For example, the following complete sample from the sample-plugins project shows how to publish a org.gradle.sample.hello plugin and a org.gradle.sample.goodbye plugin to both an Ivy and Maven repository using the combination of the java-gradle-plugin, the maven-publish plugin, and the ivy-publish plugin.

Example 27.6. Complete Plugin Publishing Sample


plugins {
  id 'java-gradle-plugin'
  id 'maven-publish'
  id 'ivy-publish'

group 'org.gradle.sample'
version '1.0.0'

gradlePlugin {
  plugins {
    hello {
      id = "org.gradle.sample.hello"
      implementationClass = "org.gradle.sample.hello.HelloPlugin"
    goodbye {
      id = "org.gradle.sample.goodbye"
      implementationClass = "org.gradle.sample.goodbye.GoodbyePlugin"

publishing {
  repositories {
    maven {
      url "../consuming/maven-repo"
    ivy {
      url "../consuming/ivy-repo"

Running gradle publish in the sample directory causes the following repo layouts to exist:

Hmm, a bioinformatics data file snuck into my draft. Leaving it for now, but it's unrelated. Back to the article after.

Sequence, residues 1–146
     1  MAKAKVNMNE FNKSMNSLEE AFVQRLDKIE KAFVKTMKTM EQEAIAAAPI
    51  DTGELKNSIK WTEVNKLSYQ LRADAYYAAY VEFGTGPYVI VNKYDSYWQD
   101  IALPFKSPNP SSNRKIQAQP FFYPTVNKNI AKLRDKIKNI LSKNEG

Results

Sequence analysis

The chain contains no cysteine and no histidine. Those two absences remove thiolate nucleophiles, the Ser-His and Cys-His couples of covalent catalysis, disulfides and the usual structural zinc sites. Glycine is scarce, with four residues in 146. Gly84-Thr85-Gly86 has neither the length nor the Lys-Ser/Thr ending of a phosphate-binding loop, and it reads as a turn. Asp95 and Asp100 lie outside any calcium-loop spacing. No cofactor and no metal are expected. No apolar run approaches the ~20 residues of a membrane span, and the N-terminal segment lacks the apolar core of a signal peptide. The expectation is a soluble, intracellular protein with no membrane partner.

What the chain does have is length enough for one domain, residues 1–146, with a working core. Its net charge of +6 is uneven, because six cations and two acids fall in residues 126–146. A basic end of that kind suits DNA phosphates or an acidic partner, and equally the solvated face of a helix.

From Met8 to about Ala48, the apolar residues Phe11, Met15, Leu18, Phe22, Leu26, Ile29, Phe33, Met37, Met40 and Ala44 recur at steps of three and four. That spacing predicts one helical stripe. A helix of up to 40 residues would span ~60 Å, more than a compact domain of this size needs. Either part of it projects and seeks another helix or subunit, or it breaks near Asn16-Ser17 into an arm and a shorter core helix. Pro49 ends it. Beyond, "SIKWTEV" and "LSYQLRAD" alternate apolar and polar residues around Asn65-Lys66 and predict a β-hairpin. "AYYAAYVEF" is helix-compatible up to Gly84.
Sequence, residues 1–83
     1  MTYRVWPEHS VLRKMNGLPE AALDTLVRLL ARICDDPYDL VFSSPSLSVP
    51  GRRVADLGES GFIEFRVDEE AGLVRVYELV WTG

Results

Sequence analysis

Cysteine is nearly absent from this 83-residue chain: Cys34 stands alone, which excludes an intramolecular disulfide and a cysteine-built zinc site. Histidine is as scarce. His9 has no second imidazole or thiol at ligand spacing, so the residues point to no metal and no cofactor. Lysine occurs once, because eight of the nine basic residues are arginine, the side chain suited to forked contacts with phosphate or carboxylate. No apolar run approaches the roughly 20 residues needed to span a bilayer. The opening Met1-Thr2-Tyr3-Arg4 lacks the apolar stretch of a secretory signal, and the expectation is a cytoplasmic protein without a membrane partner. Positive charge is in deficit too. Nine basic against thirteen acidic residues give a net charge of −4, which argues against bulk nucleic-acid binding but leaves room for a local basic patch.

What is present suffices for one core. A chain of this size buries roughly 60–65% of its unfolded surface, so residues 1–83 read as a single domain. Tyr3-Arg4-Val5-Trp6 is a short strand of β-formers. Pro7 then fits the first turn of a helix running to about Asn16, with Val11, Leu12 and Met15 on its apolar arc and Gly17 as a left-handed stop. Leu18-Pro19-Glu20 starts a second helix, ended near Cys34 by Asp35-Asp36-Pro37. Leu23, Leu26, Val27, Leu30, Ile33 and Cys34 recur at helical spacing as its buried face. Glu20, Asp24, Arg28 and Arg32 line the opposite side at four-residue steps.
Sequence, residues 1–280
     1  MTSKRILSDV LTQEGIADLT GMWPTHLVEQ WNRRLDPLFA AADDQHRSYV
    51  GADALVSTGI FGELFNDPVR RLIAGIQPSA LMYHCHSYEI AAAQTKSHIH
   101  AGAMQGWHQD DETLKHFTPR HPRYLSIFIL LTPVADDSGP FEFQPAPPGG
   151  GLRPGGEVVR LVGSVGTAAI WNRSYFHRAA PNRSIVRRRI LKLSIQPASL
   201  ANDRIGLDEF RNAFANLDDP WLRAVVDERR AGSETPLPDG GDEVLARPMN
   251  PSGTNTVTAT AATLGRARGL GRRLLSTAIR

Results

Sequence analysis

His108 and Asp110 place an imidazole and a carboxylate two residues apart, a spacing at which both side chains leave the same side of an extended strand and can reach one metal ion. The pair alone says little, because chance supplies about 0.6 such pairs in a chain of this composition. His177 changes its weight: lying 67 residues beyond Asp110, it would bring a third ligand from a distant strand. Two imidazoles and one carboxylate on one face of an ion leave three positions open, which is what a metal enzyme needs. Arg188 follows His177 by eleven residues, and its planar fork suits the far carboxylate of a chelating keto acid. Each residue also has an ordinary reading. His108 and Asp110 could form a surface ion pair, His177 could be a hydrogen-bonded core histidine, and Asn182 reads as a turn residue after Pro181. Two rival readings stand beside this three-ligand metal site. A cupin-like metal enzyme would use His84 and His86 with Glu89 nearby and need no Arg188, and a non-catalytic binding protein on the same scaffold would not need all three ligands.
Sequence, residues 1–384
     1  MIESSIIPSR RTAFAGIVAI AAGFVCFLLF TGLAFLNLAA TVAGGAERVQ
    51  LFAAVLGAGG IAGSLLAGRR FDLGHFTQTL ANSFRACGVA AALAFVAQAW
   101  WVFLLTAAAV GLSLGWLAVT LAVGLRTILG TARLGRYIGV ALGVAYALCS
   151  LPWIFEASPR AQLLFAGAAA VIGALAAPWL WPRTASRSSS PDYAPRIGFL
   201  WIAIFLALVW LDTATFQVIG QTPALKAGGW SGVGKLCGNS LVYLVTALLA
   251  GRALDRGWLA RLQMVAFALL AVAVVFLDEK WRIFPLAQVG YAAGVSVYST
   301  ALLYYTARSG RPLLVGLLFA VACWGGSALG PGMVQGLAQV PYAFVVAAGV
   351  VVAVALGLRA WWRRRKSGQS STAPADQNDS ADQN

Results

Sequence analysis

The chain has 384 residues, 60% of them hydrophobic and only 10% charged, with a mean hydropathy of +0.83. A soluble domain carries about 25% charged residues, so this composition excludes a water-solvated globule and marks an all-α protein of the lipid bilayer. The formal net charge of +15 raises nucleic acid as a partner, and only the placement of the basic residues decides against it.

27.5.3. Legacy Plugin Application

With the introduction of the plugins DSL, users should have little reason to use the legacy method of applying plugins. It is documented here in case a build author cannot use the plugins DSL due to restrictions in how it currently works.

Applying Binary Plugins

Example 27.7. Applying a binary plugin


apply plugin: 'java'

Plugins can be applied using a plugin id. In the above case, we are using the short name ‘java’ to apply the JavaPlugin.

Rather than using a plugin id, plugins can also be applied by simply specifying the class of the plugin: